Just in case your mouse goes kablooey
There was a time when having a mouse was weird. It was an expensive peripheral only a few professional users could justify. Today you can get a basic mouse for five bucks and just about every computer operating system is built around this ubiquitous pointing device.
So if something happened to your mouse today, how would you right-click? Heck, how would you left-click? It’s a scary thought, right? But by the end of this article you’ll know exactly how to take keyboard control of your mouse in any emergency and right click with the keyboard like a pro.
Also, be sure to check out our YouTube channel where we made a short video explaining the different methods mentioned in this article.
Why Right Click With the Keyboard Instead of the Mouse?
There are two main reasons to operate a graphical user interface with the keyboard and no mouse. The first is an issue of accessibility. There are many people who lack the mobility or limbs to operate a mouse easily, while still having the ability to operate a keyboard.
The second has to do with hardware failure. Your trackpad or mouse could simply stop working for one reason or another and you probably need to operate your computer until a replacement or fix arrives.
In some cases, using keyboard shortcuts to operate your computer can also be faster and more efficient than using a mouse. Professional computer users already know this, since keyboard shortcuts are basically essential for professional workflows.
So it may turn out that you prefer some of these keyboard shortcuts to using your mouse. There’s nothing wrong with developing a style of computer control that fits your needs.
Use Mouse Keys In Windows 10
Windows 10 offers a feature known as “Mouse Keys”, which is designed to give users keyboard control of the mouse cursor. To activate Mouse Keys in Windows 10:
- Click Start.
- Type Mouse Keys.
- Click on Turn Mouse Keys on or Off.
You can also reach a more advanced set of Mouse Key settings by going to Control Panel > Ease of Access > Ease of Access Center > Make the Mouse Easier to Use > Set Up Mouse Keys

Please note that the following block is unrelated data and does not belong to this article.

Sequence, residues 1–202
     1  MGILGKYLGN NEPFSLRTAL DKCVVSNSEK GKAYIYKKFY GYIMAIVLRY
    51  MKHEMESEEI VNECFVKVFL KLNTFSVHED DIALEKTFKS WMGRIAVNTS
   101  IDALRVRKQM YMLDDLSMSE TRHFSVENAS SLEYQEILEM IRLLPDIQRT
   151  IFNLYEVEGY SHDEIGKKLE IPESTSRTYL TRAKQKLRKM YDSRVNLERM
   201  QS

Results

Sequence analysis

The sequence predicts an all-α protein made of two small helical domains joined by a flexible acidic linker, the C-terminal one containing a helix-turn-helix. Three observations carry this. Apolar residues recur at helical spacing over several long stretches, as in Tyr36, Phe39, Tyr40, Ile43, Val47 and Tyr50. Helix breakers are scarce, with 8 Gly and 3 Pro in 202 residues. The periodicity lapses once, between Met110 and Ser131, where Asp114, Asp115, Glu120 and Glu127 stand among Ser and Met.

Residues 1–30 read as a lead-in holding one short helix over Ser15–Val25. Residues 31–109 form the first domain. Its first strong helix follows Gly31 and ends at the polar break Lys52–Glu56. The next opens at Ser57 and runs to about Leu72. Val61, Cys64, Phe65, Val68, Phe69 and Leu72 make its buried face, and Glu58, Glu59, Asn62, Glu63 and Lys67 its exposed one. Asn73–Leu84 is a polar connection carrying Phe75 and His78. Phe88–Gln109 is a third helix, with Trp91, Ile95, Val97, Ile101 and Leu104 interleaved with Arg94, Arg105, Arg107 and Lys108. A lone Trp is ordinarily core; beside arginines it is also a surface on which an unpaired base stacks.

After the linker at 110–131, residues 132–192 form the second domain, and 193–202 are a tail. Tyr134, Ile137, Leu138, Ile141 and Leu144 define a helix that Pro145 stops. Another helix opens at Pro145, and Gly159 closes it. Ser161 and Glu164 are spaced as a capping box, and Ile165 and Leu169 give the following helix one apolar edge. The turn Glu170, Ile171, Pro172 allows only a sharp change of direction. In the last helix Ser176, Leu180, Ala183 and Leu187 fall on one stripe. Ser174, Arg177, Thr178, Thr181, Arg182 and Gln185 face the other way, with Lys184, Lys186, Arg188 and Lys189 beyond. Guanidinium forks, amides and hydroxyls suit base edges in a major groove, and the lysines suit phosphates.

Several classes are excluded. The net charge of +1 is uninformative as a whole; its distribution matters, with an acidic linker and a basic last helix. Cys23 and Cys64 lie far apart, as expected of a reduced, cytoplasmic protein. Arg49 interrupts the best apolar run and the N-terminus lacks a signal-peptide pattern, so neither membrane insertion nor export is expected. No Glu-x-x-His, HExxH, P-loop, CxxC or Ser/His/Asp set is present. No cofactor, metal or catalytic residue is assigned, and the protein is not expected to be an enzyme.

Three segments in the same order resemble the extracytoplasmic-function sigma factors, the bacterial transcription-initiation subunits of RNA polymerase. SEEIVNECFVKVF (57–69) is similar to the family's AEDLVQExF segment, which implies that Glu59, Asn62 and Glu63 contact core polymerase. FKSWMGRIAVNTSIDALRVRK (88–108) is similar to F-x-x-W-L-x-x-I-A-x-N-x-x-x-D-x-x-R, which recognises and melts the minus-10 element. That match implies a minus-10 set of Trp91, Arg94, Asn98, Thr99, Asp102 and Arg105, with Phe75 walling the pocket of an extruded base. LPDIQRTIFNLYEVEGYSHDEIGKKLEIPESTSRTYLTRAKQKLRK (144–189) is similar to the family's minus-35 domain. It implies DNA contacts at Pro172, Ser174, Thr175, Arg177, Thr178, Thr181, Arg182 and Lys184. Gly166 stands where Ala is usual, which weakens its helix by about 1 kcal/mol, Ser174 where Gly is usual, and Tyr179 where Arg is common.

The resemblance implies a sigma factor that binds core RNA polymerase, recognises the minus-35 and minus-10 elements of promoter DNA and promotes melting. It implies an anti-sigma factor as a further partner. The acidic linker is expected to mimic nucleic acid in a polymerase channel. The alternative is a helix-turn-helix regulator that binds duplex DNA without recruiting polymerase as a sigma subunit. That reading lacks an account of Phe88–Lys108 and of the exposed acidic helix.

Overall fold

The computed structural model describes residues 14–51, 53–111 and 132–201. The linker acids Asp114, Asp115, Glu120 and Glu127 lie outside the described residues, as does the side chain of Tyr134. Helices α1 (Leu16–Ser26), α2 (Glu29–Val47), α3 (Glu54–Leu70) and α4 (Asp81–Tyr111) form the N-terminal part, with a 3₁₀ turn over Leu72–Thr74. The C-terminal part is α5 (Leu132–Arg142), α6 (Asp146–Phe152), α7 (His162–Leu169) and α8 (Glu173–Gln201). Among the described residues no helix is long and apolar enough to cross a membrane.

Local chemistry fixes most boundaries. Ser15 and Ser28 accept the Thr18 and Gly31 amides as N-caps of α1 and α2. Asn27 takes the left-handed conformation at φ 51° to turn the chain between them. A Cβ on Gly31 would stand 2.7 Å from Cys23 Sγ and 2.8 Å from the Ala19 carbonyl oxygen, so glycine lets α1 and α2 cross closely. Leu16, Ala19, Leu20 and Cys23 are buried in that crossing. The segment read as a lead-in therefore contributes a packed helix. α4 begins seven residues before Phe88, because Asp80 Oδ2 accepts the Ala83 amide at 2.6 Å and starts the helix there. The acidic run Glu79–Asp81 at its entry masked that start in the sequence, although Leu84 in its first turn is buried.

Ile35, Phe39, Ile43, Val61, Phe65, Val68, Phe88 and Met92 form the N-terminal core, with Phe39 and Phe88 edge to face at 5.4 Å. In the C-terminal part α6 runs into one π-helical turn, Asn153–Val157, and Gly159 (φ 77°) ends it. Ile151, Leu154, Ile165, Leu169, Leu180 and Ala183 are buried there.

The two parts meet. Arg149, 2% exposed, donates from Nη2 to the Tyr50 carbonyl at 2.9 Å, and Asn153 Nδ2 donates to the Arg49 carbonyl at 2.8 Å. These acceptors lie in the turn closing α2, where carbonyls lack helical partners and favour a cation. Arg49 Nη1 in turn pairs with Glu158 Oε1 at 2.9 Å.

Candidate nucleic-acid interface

Once you activate Mouse Keys you can move the cursor around using the numerical keypad buttons. Now, “/”, “*” and “-” act as the mouse buttons. With “-” acting as the right mouse button. Under the advanced Control Panel settings for Mouse Keys, you can fine tune how the pointer behaves and right click with the keyboard if you want.
Use Mouse Keys In macOS Catalina
Not to be left out, macOS also has an accessibility feature that allows you to use the pointer via keyboard keys. As you might expect, it doesn’t work in quite the same way as the Windows take on the idea, but it works well.
To activate the feature:
- Click the Apple menu button.
- Choose System Preferences.
- Choose Accessibility.
- Now click Pointer Control.
- Click Alternative Control Methods.
- Activate Mouse Keys.
You can activate Mouse Keys quickly and easily by using Option-Command-F5 or, if you have a Mac with a Touch ID button, press it three times in succession.
Since many Magic Keyboards and MacBooks don’t have number pads, you can also use these keyboard key alternatives to right click with the keyboard. As shown in this official Apple diagram.
The “I” and numpad “5” act as the mouse click here. “M” and “0” will press and hold the button. In either scheme the full stop (period) button will release the mouse.
Right-Click In macOS
If you’re a Mac user you probably already know that the so-called “alternate click” isn’t set up by default. So if you try to right-click with the keyboard out of the box on a Mac, well, nothing happens.
You need to set up right-click behavior with the mouse in System Preferences under the mouse and trackpad options. Then your Magic Trackpad or Mouse will provide a right-click when you click with two fingers (on a trackpad) or on the right-hand side (with the Magic Mouse).
By default, however, you need to use the mouse and the keyboard to generate a right-click. Simply hold down the control button and then left-click. Don’t confuse it with the “options” button.
If you hold that down instead you’ll still get a popup menu in many cases, but not the right-click menu. For example, holding options and clicking on the WiFi icon opens advanced WiFi options.
Use a Right-Click Shortcut Key
In Windows, you can select items using Tab and the cursor keys.You can then use Enter to activate the item. Taken together, that more or less gives you the same functionality as left-clicking or double-clicking on items.
What most people don’t know is that you can also perform a keyboard shortcut to do a right-click. On some Windows keyboards, there’s a button that looks like this.
However, many modern keyboards don’t have this. Luckily Windows has a universal shortcut, Shift + F10, which does exactly the same thing. It will do a right-click on whatever is highlighted or wherever the cursor is in software like Word or Excel.
Who Needs a Mouse?
OK, maybe that’s overstating it. Still, if your pointing device stops working or you find a mouse too hard to use, then these keyboard-based workarounds can be invaluable.
If you are forced to use something other than a mouse in order to control the pointer thanks to a disability, you should consider investing in an alternative type of pointing device.
There are many specialized controllers designed for people with a variety of mobility issues. For example, eye-tracking cameras or voice-control. You can even use a piece of software such as Keysticks to use a standard off-the-shelf game controller to control your mouse pointer.
While the mouse pointer is still integral to most desktop operating systems today, you have plenty of choices when it comes to moving that pointer around.